Frequently Asked Questions

Home

Who We Are

What We're Doing

Inside GenEx2

Frequently Asked Questions

Photo Gallery

Publications

Glossary

 

Select the Question mark to the left of each question for the answer.
FAQ1
How is it that Desert Research Institute scientists are working in the ocean in Antarctica?
FAQ2
Why do you need to travel all the way to Antarctica to study Archaeal gene expression?
FAQ3
How do you get from Reno to Palmer Station?
FAQ4
What are the best genetic tools to measure changes in gene expression?
FAQ 5
What can gene expression in archaea and bacteria teach us that can lead to great new discoveries?
FAQ 6
What is the Tree of Life?
   

We welcome suggestions for questions to add to the FAQ list.
Send your queries to genmail@dri.edu.


What are the best genetic tools to measure changes in gene expression? Gene expression is most commonly studied in the laboratory using pure cultures of microorganisms. In recent years there has been a growing interest in taking the study of microbial gene expression to the field. This way we can better understand what they're actually doing (i.e. how they modify and survive) in their true environments.

Very few techniques are available to study microbial gene expression (most have been used only with Eukaryotes):

  1. To study the expression of a single gene, reverse transcriptase RT-PCR is used. This technique can be made quantitative if the researcher wishes.
  2. To obtain a profile of all genes being expressed at a given point there are at least four different methods. Most of these methods (except DNA microarray hybridization) have not seen much application in single-cell organisms due to the fact that there is no simple way to separate rRNA from mRNA (this is quite simple for eukaryotes). Fortunately, technology improving this separation is now becoming available.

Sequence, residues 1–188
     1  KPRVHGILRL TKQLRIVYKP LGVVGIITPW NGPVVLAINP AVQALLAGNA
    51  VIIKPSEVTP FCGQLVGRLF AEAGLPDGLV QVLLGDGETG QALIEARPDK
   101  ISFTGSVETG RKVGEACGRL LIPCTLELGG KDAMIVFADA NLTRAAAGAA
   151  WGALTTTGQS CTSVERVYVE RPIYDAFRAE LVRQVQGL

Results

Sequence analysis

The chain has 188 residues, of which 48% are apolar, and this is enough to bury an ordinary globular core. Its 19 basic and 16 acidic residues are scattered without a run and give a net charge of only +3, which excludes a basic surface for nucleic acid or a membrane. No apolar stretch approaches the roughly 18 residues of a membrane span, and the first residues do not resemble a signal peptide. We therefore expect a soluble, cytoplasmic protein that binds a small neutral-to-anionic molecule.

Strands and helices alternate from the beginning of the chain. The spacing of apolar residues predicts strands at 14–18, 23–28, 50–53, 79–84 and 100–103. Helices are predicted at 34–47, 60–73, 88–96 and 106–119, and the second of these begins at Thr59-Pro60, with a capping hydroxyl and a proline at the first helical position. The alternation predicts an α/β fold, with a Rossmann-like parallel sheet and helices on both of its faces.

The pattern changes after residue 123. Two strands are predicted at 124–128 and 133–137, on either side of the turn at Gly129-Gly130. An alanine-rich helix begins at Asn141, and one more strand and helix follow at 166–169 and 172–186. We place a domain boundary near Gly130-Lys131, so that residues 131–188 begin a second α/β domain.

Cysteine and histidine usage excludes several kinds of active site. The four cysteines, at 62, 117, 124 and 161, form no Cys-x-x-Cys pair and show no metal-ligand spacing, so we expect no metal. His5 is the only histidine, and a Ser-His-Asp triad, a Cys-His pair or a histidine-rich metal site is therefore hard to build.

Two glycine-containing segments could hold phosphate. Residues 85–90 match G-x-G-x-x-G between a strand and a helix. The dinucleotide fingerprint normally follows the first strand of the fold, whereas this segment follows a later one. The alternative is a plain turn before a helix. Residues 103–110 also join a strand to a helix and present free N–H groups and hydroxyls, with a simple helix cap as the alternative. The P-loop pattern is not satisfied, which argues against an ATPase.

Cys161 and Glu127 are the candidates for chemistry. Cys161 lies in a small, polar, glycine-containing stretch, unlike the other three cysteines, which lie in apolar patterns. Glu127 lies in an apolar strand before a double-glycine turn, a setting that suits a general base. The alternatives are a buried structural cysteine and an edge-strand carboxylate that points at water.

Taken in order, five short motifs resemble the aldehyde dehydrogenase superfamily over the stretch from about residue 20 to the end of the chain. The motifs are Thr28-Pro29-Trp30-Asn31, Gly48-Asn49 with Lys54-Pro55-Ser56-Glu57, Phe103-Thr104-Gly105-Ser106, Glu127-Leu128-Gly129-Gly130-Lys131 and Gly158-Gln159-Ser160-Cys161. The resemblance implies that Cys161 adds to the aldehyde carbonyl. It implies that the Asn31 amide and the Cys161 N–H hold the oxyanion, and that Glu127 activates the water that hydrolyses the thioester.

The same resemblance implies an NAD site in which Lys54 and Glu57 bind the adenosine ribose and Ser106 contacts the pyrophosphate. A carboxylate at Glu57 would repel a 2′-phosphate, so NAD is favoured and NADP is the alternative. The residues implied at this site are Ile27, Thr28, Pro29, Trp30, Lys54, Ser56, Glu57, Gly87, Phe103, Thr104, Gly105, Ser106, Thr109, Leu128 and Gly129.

• cDNA library
  • Differential Display (DD)
  • Representation Differentiation Analysis (RDA)
  • DNA microarray hybridization

Briefly, here's how each of these technologies work. cDNA libraries of transcribed mRNAs are sequenced allowing genes expressed to be identified by homology to known sequences. DD and RDA can be used to display the differences in gene expression between two or more samples. Both these methods result in a pool of transcribed genes reverse transcribed to cDNA molecules which are then either visualized by gel electrophoretic techniques, or cloned and sequenced.

DNA microarray hybridizations are a rapidly growing technology in which different genes of interest are arrayed and queried through hybridization analyses (all genes in an entire microbial genome e.g. 4000-5000, can be put on the same array). Such results provide information as to whether the genes of interest are actually expressed (in the form of mRNA) at the time of sampling. DNA microarray technology holds a lot of promise for future microbial studies both with pure cultures and with environmental samples.

Top Top of page
GenEx2 HomeGenEx2 Site MapSend an email to GenEx2